Dozens of images of her latest artworks are circulating on the internet. They are photographs and videos of women collectively requesting to be allowed to register as the rightful owners of their bodies at the Business Register.
The symbolic action, meant as a protest against the government's proposed abortion reform - which eliminates abortion on demand and forbids it even in the case of serious fetal abnormalities - was the brainchild of artist Yolanda Domínguez. The 36-year-old specializes in organizing collective actions and creating unsettling situations aimed at shocking viewers and getting them involved in the action.
"The nature of these activities is social protest," she says. "Art is a perfect space for protesting. And for speaking about the unspeakable."
Domínguez often introduces genre-based themes into her work, which have included a critique of the stereotypes that continue to hold women back. One of the aims of this latest action was to represent women taking back their own bodies.
"Our body has not belonged to us for a very long time now," she says. "But this is the last straw. The abortion bill restricts women's ability to decide over their own bodies and motherhood."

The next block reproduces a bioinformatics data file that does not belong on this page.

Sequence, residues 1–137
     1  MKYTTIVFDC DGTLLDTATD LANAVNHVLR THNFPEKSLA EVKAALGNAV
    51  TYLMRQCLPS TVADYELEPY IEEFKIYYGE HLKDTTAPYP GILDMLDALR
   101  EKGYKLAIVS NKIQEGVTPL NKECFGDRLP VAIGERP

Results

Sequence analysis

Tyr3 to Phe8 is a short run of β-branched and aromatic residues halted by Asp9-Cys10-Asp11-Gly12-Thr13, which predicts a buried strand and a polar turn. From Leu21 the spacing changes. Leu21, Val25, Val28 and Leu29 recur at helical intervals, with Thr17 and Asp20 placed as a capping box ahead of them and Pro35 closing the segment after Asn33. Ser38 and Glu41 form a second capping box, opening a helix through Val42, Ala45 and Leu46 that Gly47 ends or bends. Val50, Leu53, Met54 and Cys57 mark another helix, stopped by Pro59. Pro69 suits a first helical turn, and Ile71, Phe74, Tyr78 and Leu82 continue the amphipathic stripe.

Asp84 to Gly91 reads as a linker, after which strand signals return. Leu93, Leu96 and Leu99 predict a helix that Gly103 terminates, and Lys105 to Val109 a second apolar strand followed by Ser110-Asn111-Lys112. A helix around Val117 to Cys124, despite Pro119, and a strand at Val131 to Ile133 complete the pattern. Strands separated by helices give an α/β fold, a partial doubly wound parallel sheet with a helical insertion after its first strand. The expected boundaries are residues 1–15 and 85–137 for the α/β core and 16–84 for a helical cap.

Domínguez describes her art as a form of social criticism, as she settles comfortably on the sofa in a café near her home in the Madrid neighborhood of Chueca. She studied fine arts, as well as business administration for a short while, but that was clearly not her place. Nor did she feel at ease with her first creations, which were paintings.
"it is not that they sold badly. No, people bought them for their living rooms. Sometimes they even asked me if I could change the colors... That wasn't creating - that was decorating! It was no use to me for communication purposes," she explains.
"We artists are sensitive beings, and someone who does social criticism is more sensitive than someone who paints flowers. I'm sorry for Murakami."
She sought artistic media where she felt comfortable, and began working with action art. She also circulated her work online. "I want to reach everyone," she says. "My photography is for others to make, or to circulate on the networks. I love the collective nature of art; it used to be a social event, but capitalism has cloistered it. You walk into a gallery and feel you have to cross yourself. I like to create experiences because we already have a lot of objects."
Some of those actions or "livings," which seek an original form of critique through audience participation, have been highly successful. They included 2011's Poses, in which she got women to adopt strange postures on the street, as a parody of the unnatural poses made by professional models.
Videos of those scenes, including a paralyzed woman with a handbag on her head, received over 800,000 hits on YouTube.
"The best part is, I'm still getting homemade versions of Poses from all kinds of people!" she laughs.